Obviously as the market improves we will remortgage for better rates thus minimising what we are paying the lender whilst maximising our profit/returns.

The thing is though, if you want to be in a position where you are maximising your profits and returns, you need to be adding to your portfolio right now. The only one way to do this, assuming you didn’t win this months Euro lottery – you need somebody to lend you the money.

Now think about the deal you are offering:

Dear Mr Banker – I would like to borrow some money please to buy a house. I fully understand it will be expensive and you will make a profit out of me. However, please note that if it all goes wrong I want you to sort out the mess I have left and if I am bankrupt will you also bear any losses, which could be quite considerable. I would also confirm that when interest rates are more attractive elsewhere I will be moving banks to save money. When I realise any gains in the property you obviously understand I will not be sharing these with you – even though you provided the majority of the money to buy in the first place and have probably shouldered most of the risk. Nearly forgot – I keep all the rent too. With love ……

Let’s be realistic – if we want to make money by using other people’s money we have to accept that the arrangement won’t always work completely in our favour. If this is the industry we have chosen then this is what we need to get used to because without the lenders we are dead in the water. We don’t have to like them but I would suggest we stop viewing them as the enemy and redirect focus on building our portfolio’s by embracing the lenders as short term best friends and use THEIR money to secure YOUR future.

Perhaps it’s time to re-think your strategy?

9:35 AM, 5th December 2012
About 8 years ago

Hi Mark Lack of available of finance from banks is the very reason crowdfunding is growing in popularity. As you know, it's why I started The House Crowd and why sites like Zopa and Funding Circle are doing so well. Has your colleague approached Funding Circle - sounds like they would be a great solution for him. (I hear Wonga now have a business loans department...mmm perhaps not)

matchmade

12:10 PM, 5th December 2012
About 8 years ago

Mike: you are talking about a very different scenario from Mark - he wrote about a short-term property development deal, whereas you refer to long-term lending on an income-generating asset.

I don't think Mark's client needed to be so rude, and it would have helped to have some idea of the turnover of the project (£200K profit after finance charges on an investment of £400K is still a very decent return, but £200K on a £2 million investment looks much less attractive and could easily be wiped out by cost overruns or a fall in the sale price achieved). But I agree with Ian and Recardo: to have one's profits halved simply by finance charges looks excessive - either the initial profit margin was too small as a proportion of the overall investment, or the finance company views the project as extremely high risk and has imposed very high charges to compensate.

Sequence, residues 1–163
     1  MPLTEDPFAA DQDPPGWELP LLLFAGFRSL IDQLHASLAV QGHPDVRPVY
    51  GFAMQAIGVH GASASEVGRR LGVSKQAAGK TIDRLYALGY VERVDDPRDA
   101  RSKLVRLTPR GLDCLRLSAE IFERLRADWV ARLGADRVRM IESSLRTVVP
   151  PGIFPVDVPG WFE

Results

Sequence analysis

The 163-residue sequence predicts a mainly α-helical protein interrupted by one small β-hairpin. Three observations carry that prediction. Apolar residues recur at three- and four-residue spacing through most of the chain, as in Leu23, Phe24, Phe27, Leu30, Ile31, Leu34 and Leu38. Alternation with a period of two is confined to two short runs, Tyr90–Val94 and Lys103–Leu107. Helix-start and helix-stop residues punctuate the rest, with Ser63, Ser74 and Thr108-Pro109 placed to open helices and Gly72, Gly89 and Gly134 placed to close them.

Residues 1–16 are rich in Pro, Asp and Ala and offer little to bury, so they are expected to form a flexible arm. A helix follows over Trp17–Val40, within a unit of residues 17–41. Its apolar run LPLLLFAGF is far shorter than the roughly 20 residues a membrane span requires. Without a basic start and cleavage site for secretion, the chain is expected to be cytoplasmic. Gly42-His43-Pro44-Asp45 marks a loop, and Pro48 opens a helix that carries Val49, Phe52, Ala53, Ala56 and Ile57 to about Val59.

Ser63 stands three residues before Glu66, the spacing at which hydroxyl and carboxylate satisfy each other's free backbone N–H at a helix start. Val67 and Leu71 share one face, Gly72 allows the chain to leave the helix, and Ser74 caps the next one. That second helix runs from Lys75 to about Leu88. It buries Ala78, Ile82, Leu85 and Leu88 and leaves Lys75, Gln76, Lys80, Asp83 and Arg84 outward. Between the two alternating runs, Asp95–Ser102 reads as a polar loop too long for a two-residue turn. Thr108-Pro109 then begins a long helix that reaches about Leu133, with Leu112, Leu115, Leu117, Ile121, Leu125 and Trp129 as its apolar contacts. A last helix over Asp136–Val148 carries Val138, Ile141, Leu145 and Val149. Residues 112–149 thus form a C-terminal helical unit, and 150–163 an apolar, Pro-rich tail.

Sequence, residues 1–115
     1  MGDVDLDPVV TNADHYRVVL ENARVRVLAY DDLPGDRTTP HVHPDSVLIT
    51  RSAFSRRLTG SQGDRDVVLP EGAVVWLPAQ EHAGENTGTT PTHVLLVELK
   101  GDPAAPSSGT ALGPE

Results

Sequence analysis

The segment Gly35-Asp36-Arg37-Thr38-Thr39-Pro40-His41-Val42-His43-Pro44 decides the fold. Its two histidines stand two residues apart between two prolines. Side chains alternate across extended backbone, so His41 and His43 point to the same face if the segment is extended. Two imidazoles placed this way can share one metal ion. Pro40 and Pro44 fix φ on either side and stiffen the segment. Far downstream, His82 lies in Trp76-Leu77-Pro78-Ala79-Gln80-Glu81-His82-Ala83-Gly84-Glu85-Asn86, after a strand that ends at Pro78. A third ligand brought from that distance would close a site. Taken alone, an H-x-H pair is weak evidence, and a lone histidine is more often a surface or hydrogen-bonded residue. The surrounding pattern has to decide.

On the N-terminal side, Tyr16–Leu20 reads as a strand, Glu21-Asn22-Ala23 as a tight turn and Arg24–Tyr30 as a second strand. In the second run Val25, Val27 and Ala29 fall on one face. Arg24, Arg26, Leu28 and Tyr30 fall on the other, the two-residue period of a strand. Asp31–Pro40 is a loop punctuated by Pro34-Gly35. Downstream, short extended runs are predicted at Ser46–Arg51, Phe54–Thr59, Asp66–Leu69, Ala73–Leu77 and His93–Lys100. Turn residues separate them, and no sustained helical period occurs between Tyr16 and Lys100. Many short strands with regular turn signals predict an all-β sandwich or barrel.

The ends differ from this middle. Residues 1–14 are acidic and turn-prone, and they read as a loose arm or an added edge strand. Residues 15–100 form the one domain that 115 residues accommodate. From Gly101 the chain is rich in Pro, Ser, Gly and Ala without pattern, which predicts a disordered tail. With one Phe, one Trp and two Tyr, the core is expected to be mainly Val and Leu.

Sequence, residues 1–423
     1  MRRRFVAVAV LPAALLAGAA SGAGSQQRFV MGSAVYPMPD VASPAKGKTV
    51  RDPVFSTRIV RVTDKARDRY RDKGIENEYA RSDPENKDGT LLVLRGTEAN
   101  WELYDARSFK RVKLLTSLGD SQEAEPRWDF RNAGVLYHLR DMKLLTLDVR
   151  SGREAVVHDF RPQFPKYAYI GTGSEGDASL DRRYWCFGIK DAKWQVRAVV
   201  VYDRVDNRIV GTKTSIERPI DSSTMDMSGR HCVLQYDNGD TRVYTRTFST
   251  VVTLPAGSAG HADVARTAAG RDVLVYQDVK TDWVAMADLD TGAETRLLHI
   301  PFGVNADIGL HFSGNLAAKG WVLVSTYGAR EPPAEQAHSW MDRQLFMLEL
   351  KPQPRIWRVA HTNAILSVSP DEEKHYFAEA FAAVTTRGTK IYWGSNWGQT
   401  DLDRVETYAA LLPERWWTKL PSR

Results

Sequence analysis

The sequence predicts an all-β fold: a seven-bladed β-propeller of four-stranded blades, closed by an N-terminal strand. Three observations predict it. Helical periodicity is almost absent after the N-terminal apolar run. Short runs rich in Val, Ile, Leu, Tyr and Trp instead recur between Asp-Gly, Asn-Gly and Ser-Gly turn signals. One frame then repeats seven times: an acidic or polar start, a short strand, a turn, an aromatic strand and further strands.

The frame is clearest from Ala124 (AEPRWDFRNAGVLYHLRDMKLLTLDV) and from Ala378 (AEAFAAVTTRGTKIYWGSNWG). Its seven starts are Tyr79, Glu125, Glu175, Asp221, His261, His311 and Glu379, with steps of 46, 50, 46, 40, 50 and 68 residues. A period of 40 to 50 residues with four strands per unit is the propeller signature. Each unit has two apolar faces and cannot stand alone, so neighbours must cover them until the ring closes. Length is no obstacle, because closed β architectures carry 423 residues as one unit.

If finance companies really expect to take up to 50% of the profits on a deal, simply for providing a proportion of cash but none of the labour and with almost none of the risk - a 50% loan as a proportion of the gross development value, say, is very low risk, however you look at it - then I think that is excessive and I would rather seek funding elsewhere.

Mark says his client is a "Muppet" for walking away from a £200K profit, but I don't think the client is doing that: the client is well aware that hi £400K pre-finance profit is by no means guaranteed, and there are any number of things that can go wrong with his project. Each one of these problems will subtract from his profits, whereas the finance company expects to be paid its full whack whatever happens. If the finance company were a *proper* 50:50 co-investor, it would buy shares in a temporary special-purpose company set up to finance the project, and accept that its return might vary if the project ran into problems, just as the developer has to do. The imbalance of risk and rewards lies in the fact that the finance company expects a fixed percentage return from the deal, whereas the developer, who is also investing his own hard-earned capital, is told he must suck up every problem and take every financial hit all on his own.

Mark Alexander

14:18 PM, 5th December 2012
About 8 years ago

Don't read too deeply into the figures, I made them up so this guy wouldn't recognise himself. For all I know he could be a 7ft giant with a very bad temper - he came across a bit like that. It was more the principles of not doing deals based on finance charges that I was trying to get at in my blog. I don't have clients any more, I retired from broking in 2009 but I do try to help people out when they read my blog and contact me to pick my brains for useful contacts. This was one of those articles written in haste whilst the red mist was still lingering. It was the fact that he didn't have the courtesy to say thanks for my help after spending three hours of my own time trying to help him which really miffed me.

I fully concur with the other points that you and other readers have made in terms of the developer taking the first hit in terms of costs over-runs etc. That particular scenario wasn't an issue in this instance though as the developer was more of a facilitator in this deal, i.e. it was a build to order deal for a blue chip purchaser and the developer had contracted out the build to a major firm on a fixed price fixed term arrangement. His margins were tight but his risks were minimal.